“There are several types of hepatitis caused by viruses,” Dr. Srivatsa says. “Hepatitis A is usually transmitted through contaminated food or water, and you generally can recover without lasting damage. Both hepatitis B and C are spread by contact with an infected person’s blood or other body fluids. Hepatitis B often gets better on its own after a few months, but it may last a lifetime and lead to cirrhosis, liver failure or liver cancer. Most people with hepatitis C don’t show any symptoms for years. The disease does not get better by itself, and it also may lead to cirrhosis or cancer. There are vaccines available for hepatitis A and B, but not for hepatitis C.”
Certain medications also can damage the liver.
“Many prescription medications can affect the liver, so you should ask your doctor about the need for blood tests to measure liver function when starting a new medication,” Dr. Srivatsa says. “Over-the-counter medications also can cause liver damage. For example, acetaminophen can be toxic in too large a dose. Drinking alcohol while taking acetaminophen can compound the problem. Be sure to read the dosing guidelines for all over-the-counter medications and ask your doctor if you have questions about how much you should be taking.”
Symptoms, Diagnosis and Treatment
The symptoms of liver disease can vary depending on the type of illness. For example, some people with viral hepatitis A, B and C may experience:
- Loss of appetite
- Nausea and vomiting
- Pain over the liver in the right upper abdomen
- Yellowing of the skin and eyes (jaundice)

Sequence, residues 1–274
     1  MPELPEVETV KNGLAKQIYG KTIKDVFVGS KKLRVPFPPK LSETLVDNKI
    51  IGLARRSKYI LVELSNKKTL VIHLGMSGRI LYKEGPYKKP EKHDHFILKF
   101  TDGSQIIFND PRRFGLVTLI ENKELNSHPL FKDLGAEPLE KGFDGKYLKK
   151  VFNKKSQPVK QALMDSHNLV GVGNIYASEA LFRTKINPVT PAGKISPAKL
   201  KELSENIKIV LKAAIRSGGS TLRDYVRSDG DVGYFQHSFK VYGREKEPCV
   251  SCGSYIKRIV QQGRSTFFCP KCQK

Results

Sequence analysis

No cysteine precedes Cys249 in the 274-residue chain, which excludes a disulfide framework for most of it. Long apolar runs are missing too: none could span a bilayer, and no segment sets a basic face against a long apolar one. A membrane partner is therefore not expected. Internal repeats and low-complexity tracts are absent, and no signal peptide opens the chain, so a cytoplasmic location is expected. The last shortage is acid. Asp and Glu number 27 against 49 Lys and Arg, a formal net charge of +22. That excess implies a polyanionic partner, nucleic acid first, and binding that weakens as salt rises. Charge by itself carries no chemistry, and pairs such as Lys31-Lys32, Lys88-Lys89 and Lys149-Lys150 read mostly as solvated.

- Swelling (edema) of the lower legs
“Quite often, the onset of a liver disease is gradual, and there are no early symptoms,” Dr. Srivatsa notes. “Once liver disease progresses to cirrhosis, people may develop symptoms such as mental confusion, bruising and swelling in the abdomen.
Early liver disease often is picked up only by various blood tests performed in a regular physical exam. These blood tests measure the levels of certain liver enzymes as well as the levels of bilirubin and proteins such as albumin.
“A complete medical history and exam can help determine your risk for liver disease and determine whether further diagnostic tests may be needed,” says Dr. Srivatsa. “For example, an ultrasound of the liver could be helpful in distinguishing between hepatitis and end-stage liver disease. In some cases, a needle biopsy might be needed to confirm diagnosis of a specific liver disease.”
Managing liver disease revolves around treating the underlying cause, preventing further liver damage and avoiding complications. Patients who continue to worsen despite treatment may be candidates for liver transplant.
“Unfortunately, there are more people waiting for transplants than there are organs available,” Dr. Srivatsa cautions. “So I encourage people to become organ donors, and I urge everyone to pay attention to their risk factors and adjust their lifestyles accordingly. A healthy diet, regular exercise, moderation in consumption of alcohol and cautious use of medications that can affect the liver may help prevent liver disease in the first place.
To register to attend the upcoming seminar on September 20, visit www.whhs.com.